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Quarterly Earnings

A Mixed Bag

By Elliott H. Gue, on May. 17, 2014

Fueled by its efforts to ramp up oil production in California and the Permian Basin, Occidental Petroleum grew its domestic crude output by 1.4 percent sequentially.

However, the integrated oil and gas company’s total hydrocarbon production came in at 745,000 barrels of oil equivalent per day, down 0.6 percent from the fourth quarter and 2.3 percent year over year.

This decline reflected a calculated decision to scale back gas-focused drilling in California and field and port disruptions in Yemen and Libya.

Results should improve over the next 12 months. The New Johnsonville chlor-alkali plant comes online in March, the BridgeTex Pipeline serving the Permian Basin starts operations in the third quarter, and the Al Hosn gas project in the United Arab Emirates ramps up toward year-end.

Management also provided an update on the company’s ongoing restructuring efforts:

  • The $1.3 billion sale of its assets in the Hugoton basin closed on April 30, with management using the proceeds to repurchase shares.
  • The long-anticipated spinoff of Occidental Petroleum’s California operations as California Resources Corp will occur in the fourth quarter, with the company’s existing shareholders receiving at least 80 percent of the shares.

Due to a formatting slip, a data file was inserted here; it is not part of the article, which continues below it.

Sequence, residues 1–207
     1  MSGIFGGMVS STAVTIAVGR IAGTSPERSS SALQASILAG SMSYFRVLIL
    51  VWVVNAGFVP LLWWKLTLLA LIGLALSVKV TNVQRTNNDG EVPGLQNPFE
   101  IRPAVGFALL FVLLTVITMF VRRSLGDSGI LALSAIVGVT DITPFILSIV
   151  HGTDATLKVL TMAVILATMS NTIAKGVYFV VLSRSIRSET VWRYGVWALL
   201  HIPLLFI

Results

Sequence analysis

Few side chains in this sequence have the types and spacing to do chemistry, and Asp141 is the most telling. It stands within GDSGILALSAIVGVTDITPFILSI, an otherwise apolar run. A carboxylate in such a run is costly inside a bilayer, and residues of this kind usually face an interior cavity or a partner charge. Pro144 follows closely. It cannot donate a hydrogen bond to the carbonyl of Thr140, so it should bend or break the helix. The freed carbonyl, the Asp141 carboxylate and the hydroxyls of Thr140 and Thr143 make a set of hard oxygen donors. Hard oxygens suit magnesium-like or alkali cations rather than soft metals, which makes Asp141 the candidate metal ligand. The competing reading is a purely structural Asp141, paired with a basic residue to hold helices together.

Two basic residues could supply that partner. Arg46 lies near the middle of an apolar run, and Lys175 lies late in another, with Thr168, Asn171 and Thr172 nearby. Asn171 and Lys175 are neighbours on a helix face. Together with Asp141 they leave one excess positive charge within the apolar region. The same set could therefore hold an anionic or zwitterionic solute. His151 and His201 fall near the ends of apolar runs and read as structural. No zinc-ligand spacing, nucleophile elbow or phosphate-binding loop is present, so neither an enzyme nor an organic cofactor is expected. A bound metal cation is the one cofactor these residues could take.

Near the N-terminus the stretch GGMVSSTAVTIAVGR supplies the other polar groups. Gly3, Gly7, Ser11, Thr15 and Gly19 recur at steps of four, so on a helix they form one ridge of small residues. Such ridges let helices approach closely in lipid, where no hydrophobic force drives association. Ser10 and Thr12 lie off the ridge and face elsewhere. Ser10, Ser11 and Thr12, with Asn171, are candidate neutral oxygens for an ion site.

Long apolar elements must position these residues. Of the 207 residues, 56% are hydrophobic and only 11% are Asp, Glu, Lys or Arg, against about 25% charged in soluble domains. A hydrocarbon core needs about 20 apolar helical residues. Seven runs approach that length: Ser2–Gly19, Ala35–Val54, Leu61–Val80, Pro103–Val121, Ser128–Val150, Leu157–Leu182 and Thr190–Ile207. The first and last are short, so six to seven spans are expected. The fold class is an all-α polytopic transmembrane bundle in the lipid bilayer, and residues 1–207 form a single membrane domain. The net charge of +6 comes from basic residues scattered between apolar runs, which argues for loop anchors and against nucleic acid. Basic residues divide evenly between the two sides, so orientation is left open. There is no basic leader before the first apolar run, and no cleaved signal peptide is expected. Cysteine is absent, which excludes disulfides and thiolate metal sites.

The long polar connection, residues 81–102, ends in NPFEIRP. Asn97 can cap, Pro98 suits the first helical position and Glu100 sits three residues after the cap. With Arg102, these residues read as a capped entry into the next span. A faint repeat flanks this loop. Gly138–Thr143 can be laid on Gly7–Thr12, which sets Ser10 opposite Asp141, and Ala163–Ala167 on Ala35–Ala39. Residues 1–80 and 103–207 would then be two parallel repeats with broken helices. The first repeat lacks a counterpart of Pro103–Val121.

• Occidental Petroleum will look to monetize the remainder of its general-partner interest (worth about $4 billion) in Plains All American Pipeline LP (NYSE: PAA) in early 2015.  
  • The company continues to explore strategic alternatives for its assets in the gas-rich Piceance Basin. CEO Steve Chiazen indicated that the firm would likely form a joint venture with a privately held operator that would develop the assets with an eye toward an eventual initial public offering.
  • Efforts to divest a minority interest in its operations in the Middle East and North Africa continue, though the complexity of these negotiations would delay any movement on this front until the back half of 2014.
  • The firm removed its roughly 20,000 acres in the Bakken Shale from the market, citing unfavorable valuations.

What will Occidental Petroleum do with the proceeds from all this wheeling and dealing? CEO Steve Chiazen indicated that the firm will complete its current 26.5 million stock buyback program and repurchase another 40 million to 50 million shares.

Management also emphasized that the cash flow generate from its growth projects expected to come onstream this year should offset any lost in the spinoff of its California business.

More important, Occidental Petroleum’s extensive asset base in the Permian Basin provides ample opportunity to drive production growth in coming years.

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